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Generally midtown east properties have been stagnant these past few years, and in many cases still below the highs in 07. In sharp contrast of course with most areas in the city.
Obviously the area is heavily correlated to midtown employment ie finance jobs, .but are there other catalysts that might make it an interesting buy? Clearly downtown is the place to be along with the upper west side, but with prices above 1100 per sq ft, how much upside could you possibly look for? Where as in midtown east you can still get condos for 850 per sq ft.
From a risk reward seems to be a better buy. Longer term sure, but who's top say midtown won't change dramatically in ten years.
Any thoughts? Thanks.
you can always buy and wait for the next bubble. once it comes, that area will bubble faster than others due to the low pricing. you will then be able to dump the property and buy something else. as long as the area suits you for the next 7-10 years, you'll be living in manhattan, below 96 street and paying Harlem prices.
Midtown East does not appear to have the residential community vibes, except for Tudor City. It is a heavy traffic area with a lot of offices around. Perhaps that will be limiting for successful nabes that eventually turn into areas that families want to live in.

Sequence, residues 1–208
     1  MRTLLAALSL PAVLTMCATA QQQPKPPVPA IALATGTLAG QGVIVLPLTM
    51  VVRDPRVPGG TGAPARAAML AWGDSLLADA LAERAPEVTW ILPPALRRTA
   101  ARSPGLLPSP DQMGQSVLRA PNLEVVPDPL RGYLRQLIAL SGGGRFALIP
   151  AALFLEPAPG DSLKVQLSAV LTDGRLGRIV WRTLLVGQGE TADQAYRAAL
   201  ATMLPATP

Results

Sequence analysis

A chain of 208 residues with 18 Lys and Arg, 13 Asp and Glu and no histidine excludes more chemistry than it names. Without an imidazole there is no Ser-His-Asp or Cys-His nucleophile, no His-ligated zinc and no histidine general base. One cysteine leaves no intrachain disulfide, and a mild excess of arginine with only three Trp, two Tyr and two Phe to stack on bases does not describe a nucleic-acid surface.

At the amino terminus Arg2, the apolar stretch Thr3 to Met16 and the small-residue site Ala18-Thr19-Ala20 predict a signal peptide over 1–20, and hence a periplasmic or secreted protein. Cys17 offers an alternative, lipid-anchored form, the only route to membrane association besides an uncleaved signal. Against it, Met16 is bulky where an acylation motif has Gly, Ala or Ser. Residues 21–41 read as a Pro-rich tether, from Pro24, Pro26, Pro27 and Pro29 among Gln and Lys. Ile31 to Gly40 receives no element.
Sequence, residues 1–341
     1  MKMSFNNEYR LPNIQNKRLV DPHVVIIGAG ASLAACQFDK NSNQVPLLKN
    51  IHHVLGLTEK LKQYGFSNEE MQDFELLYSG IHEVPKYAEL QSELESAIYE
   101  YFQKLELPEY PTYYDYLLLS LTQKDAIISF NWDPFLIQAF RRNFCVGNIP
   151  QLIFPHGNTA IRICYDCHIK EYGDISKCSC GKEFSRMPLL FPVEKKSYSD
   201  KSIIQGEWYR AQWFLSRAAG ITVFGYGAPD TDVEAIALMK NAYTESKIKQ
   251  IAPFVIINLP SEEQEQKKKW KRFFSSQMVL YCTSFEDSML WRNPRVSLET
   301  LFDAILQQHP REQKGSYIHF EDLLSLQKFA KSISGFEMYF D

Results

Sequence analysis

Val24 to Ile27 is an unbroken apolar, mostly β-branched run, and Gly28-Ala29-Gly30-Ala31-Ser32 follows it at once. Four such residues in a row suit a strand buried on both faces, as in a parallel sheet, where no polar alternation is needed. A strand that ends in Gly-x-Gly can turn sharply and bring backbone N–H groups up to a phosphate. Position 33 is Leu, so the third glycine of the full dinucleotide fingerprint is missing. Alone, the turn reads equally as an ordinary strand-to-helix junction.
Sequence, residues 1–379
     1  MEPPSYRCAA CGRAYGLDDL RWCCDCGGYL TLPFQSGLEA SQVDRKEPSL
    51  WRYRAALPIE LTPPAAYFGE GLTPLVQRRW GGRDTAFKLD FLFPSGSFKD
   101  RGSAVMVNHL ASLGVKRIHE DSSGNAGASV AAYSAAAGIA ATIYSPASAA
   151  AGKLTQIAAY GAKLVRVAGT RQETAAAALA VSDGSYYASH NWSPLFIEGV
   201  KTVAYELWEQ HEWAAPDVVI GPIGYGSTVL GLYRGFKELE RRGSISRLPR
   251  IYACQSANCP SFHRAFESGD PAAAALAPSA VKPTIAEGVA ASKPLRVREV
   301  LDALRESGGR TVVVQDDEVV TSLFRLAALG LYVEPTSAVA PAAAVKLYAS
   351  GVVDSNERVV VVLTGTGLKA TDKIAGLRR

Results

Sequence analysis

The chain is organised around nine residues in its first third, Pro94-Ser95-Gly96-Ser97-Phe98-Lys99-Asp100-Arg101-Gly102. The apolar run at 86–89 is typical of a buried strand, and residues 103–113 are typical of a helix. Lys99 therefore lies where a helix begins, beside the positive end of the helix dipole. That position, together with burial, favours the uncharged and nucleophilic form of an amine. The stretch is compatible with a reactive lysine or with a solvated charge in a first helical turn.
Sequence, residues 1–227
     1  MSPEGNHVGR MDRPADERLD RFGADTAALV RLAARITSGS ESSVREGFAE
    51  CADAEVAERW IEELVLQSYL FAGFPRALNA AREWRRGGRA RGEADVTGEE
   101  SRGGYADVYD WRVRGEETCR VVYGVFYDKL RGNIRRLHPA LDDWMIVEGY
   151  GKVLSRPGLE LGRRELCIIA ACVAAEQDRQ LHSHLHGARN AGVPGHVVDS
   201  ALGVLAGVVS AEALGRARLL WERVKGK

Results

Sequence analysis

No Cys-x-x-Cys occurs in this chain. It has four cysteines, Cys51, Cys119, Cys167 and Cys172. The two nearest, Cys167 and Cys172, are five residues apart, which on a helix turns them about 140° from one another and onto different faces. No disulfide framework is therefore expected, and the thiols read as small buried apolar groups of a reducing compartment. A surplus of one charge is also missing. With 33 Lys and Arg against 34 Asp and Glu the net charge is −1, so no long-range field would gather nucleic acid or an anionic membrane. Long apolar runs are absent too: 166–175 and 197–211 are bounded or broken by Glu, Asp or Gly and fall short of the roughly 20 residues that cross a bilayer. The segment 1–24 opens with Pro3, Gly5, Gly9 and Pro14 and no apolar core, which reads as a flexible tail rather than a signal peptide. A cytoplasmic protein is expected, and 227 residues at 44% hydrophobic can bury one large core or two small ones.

Given what I just stated, I think that people will gravitate towards lower price areas as an option for living in the highly desirable island of Manhattan (below E. 96th St. and W. 120s in the West Side, though eventually, if we live long enough, we should even see these limits being pushed farther out).
In the short term, I think it is good to buy something that is relatively depressed in a very robust market, especially given the "beating" some of these areas have taken, the very low interest rates, the upcoming extension of the LIRR to the east side, etc. Your 10 year horizon also sounds like a long enough time for you to see some appreciation in a unit purchased at today's prices. More importantly, are you willng to live in this kind of nabe or will you find tenants who do not mind living in a heavily commercial nabe? The below 1% vacancy rate in NYC also augurs well for your "investment" in this area.